The transverse reinforcement is provided to transfer longitudinal shear force from the steel beam, via the shear connectors, out into the effective breadth of the slab. Transverse bar reinforcement may be needed to supplement the resistance of the mesh in the slab, and these bars must extend a sufficient distance from the beam centreline.
A fundamental difference between EN 1994 and BS 5950 is that the former adopts a so-called ‘strut and tie’ model, through which shear resistance is determined from consideration of concrete struts in compression and reinforcement ties in tension. A component of the force in the struts resists longitudinal force in the slab, and the component transverse to the beam axis is resisted by the reinforcement.
For composite beams with decking spanning perpendicular to the longitudinal axis of the beam, the critical transverse shear plane is adjacent to the steel flange. However, for decking running parallel to the beam the critical plane is normally in the nearest crest in the decking to the shear connectors (see Figures 1 and 2).
When considering the need for bar anchorage beyond these critical planes, for design to BS 5950, AD 325 made certain assumptions (with both a simplified and rigorous model) about how the force in the slab decreases across the effective width. The Eurocodes remove the need for such assumptions by providing explicit guidance:
With reference to Point 2, determining the location that corresponds to ‘beyond the strut requirement’ is not obvious, particularly given that different angles can be chosen for the struts in what can be an iterative procedure. As a (slightly) conservative simplification, the point beyond which anchorage is needed may be assumed to be the critical planes, as defined above. This also results in an approach that is common to that used in design to BS 5950.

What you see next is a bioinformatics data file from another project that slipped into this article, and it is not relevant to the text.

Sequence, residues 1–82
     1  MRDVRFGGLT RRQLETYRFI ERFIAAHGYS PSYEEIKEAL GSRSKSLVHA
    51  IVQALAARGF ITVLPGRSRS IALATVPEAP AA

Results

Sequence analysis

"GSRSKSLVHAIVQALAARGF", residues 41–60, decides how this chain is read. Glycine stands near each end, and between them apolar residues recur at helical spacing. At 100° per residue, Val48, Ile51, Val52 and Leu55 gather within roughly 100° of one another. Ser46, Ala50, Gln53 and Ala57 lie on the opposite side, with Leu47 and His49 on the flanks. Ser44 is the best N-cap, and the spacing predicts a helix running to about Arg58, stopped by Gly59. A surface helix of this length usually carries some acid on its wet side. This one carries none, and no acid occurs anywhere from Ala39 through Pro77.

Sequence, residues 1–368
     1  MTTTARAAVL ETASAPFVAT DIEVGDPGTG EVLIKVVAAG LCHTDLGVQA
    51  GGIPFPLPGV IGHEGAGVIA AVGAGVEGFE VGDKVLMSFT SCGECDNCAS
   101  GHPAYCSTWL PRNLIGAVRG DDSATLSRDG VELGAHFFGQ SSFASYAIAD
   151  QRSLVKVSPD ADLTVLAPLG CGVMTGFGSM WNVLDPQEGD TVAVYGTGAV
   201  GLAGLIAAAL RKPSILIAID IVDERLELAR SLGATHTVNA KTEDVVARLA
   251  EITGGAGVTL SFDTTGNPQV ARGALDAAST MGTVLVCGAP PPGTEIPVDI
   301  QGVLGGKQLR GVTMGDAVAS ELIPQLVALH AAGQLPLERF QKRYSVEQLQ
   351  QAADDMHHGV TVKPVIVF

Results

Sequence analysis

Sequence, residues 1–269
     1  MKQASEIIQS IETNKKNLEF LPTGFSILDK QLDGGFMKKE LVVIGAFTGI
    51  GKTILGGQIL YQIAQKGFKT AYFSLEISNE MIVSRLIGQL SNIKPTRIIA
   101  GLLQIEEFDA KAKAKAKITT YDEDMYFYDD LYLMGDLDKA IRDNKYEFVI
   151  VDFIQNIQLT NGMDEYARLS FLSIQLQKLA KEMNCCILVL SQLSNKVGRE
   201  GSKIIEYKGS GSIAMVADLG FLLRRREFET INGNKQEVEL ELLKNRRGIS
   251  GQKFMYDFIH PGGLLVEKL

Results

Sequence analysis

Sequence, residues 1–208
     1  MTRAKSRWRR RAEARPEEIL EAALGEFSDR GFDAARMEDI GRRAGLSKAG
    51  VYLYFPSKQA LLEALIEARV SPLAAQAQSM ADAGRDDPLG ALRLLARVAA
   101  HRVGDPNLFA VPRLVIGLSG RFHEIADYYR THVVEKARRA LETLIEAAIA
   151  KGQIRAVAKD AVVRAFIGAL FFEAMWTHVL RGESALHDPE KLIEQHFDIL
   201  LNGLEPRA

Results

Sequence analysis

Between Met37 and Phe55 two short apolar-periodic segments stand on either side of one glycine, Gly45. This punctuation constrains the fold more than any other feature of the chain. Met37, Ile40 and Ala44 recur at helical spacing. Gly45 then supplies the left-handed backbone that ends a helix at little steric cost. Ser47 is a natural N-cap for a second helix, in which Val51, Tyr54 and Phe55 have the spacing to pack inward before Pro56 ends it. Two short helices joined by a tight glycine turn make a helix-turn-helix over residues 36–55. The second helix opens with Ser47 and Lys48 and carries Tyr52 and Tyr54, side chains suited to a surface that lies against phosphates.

Point 3 refers to clauses that consider the tensile strength of the concrete, the strength of the reinforcing bars, and a number of other parameters. For typical bars in typical concrete the result will be a need for an anchorage length similar to the familiar value of 40 d (where d is the bar diameter). When lightweight concrete is used greater anchorage lengths are required, as a function of the concrete oven-dry density (see EN 1992-1-1, 11.3.1). Should larger bars be chosen than are necessary, such that they are stressed below yield, shorter anchorage lengths will suffice.
Although the Eurocode methodology makes no reference to the effective breadth of slab in the context of transverse shear resistance, this nevertheless remains an area of concrete subject to significant in-plane stresses. In the absence of a more rigorous analysis where a number of planes are considered rather than just the critical plane (which would most likely show that mesh alone is sufficient in the outer reaches of the effective breadth), we therefore recommend that the bars extend at least 12 d beyond the effective breadth. This is also in keeping with BS 5950 practice (AD 325 Simplified Method)
It is important to note that when the decking is perpendicular it may contribute to the transverse reinforcement needed, but when the decking is parallel it cannot be taken into account (it has no ‘in-plane’ tensile resistance so cannot contribute in a strut and tie model).
Notwithstanding differences in the definition of anchorage length, EN 1994-1-1, 22.214.171.124 contains detailing guidance for edge beams that aligns with that given in BS 5950-3.1:
Contact: Eleftherios Aggelopoulos
Tel: 01344 636555
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